Immunotherapy via PD-L1-presenting biomaterials leads to long-term islet graft survival

Sci Adv. 2020 Aug 28;6(35):eaba5573. doi: 10.1126/sciadv.aba5573. eCollection 2020 Aug.


Antibody-mediated immune checkpoint blockade is a transformative immunotherapy for cancer. These same mechanisms can be repurposed for the control of destructive alloreactive immune responses in the transplantation setting. Here, we implement a synthetic biomaterial platform for the local delivery of a chimeric streptavidin/programmed cell death-1 (SA-PD-L1) protein to direct "reprogramming" of local immune responses to transplanted pancreatic islets. Controlled presentation of SA-PD-L1 on the surface of poly(ethylene glycol) microgels improves local retention of the immunomodulatory agent over 3 weeks in vivo. Furthermore, local induction of allograft acceptance is achieved in a murine model of diabetes only when receiving the SA-PD-L1-presenting biomaterial in combination with a brief rapamycin treatment. Immune characterization revealed an increase in T regulatory and anergic cells after SA-PD-L1-microgel delivery, which was distinct from naïve and biomaterial alone microenvironments. Engineering the local microenvironment via biomaterial delivery of checkpoint proteins has the potential to advance cell-based therapies, avoiding the need for systemic chronic immunosuppression.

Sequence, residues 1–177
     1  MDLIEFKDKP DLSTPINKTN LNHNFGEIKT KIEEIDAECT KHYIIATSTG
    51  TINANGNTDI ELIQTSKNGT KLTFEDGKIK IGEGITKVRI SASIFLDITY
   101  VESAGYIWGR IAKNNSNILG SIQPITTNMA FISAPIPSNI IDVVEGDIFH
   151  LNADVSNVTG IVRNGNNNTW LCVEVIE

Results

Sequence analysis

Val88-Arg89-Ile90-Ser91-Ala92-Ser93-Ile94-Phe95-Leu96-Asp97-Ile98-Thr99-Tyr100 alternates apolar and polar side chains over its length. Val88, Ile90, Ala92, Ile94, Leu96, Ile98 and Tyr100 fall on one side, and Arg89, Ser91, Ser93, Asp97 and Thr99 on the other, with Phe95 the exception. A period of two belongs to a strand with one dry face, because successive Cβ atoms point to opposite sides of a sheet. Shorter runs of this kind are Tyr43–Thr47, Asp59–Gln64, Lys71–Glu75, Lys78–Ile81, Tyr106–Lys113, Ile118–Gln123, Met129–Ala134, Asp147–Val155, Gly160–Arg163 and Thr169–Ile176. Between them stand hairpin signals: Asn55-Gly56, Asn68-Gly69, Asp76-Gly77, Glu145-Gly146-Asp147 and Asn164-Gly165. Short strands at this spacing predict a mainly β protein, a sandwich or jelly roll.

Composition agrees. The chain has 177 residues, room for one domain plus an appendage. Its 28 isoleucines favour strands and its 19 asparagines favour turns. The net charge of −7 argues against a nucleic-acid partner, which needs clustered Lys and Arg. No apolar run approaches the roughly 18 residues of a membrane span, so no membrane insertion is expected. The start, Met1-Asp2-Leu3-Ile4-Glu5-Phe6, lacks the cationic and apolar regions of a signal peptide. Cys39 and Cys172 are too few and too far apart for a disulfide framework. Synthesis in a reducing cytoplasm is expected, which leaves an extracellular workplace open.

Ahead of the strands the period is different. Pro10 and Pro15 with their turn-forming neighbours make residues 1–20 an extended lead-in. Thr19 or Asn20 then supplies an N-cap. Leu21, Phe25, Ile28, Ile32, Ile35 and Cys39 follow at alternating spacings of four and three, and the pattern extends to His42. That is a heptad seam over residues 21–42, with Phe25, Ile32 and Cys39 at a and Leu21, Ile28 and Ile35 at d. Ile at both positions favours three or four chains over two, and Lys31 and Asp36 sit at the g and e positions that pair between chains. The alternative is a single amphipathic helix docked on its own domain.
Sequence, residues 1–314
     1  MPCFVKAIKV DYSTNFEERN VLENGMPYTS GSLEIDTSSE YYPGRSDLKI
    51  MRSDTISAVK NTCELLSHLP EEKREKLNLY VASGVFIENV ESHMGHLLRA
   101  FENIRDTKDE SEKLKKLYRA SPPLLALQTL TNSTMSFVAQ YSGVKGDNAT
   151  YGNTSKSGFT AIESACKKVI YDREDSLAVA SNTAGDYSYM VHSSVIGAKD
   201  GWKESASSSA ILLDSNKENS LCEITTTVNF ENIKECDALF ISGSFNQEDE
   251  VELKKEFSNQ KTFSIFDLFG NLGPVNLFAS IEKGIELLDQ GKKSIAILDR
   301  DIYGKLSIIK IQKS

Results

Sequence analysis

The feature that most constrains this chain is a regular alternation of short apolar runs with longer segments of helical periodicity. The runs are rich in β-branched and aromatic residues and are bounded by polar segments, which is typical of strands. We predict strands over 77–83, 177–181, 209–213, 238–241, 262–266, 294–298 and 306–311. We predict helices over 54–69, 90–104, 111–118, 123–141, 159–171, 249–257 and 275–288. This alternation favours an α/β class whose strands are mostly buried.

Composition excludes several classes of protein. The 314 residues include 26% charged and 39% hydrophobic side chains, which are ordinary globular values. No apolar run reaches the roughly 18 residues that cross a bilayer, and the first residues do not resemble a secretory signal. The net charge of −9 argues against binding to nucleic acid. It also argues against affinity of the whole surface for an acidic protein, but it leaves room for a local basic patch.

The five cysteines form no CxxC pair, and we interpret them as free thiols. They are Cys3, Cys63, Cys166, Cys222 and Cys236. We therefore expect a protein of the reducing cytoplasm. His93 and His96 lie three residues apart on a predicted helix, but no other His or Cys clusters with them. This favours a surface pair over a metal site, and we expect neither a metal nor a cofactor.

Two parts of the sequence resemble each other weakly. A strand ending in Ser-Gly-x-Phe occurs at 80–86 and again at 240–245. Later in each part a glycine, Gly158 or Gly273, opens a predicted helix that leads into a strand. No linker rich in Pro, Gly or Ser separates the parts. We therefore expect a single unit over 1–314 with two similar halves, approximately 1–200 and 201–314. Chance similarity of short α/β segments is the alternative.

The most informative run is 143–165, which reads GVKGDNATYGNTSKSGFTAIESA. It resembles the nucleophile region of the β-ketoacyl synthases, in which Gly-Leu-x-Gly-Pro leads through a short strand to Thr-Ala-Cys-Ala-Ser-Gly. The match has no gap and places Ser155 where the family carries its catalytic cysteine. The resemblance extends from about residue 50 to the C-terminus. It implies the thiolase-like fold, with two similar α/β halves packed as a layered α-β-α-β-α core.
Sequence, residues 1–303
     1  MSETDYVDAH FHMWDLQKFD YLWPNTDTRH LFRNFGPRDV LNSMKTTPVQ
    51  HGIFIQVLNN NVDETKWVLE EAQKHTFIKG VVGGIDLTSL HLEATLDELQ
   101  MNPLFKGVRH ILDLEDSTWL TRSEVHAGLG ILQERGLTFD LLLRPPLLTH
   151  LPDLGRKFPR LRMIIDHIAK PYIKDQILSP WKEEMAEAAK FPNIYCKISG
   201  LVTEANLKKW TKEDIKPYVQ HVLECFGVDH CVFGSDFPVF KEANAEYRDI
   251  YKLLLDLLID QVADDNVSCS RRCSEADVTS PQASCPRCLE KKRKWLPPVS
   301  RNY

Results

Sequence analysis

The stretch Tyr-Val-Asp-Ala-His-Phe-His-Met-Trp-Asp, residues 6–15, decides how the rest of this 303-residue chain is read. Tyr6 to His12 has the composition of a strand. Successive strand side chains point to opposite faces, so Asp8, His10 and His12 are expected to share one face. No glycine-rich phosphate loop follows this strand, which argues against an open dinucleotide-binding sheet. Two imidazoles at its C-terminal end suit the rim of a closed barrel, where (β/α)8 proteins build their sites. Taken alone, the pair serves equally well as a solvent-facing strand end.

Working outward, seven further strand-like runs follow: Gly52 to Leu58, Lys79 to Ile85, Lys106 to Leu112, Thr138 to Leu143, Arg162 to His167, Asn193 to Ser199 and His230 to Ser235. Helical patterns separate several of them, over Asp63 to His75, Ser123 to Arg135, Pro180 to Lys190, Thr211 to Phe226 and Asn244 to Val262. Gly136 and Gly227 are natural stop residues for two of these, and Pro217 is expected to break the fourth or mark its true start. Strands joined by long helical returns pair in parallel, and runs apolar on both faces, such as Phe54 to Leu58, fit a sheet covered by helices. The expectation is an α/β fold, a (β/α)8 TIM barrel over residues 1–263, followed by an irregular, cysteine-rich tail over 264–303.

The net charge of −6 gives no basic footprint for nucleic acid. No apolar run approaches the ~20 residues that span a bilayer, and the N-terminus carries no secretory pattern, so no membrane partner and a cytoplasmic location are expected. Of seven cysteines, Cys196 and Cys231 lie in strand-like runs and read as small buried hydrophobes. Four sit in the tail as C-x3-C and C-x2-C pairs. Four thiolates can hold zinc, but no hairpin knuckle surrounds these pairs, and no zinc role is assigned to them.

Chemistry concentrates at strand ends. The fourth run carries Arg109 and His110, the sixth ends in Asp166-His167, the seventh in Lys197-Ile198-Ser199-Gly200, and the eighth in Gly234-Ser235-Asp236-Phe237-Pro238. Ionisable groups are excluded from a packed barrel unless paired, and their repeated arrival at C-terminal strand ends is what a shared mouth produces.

Publication types

  • Research Support, N.I.H., Extramural

MeSH terms

  • Animals
  • B7-H1 Antigen* / metabolism
  • Biocompatible Materials / pharmacology
  • Graft Survival
  • Immunologic Factors
  • Immunotherapy
  • Islets of Langerhans Transplantation*
  • Mice
  • Mice, Inbred C57BL
  • Programmed Cell Death 1 Receptor
  • Streptavidin


  • B7-H1 Antigen
  • Biocompatible Materials
  • Immunologic Factors
  • Programmed Cell Death 1 Receptor
  • Streptavidin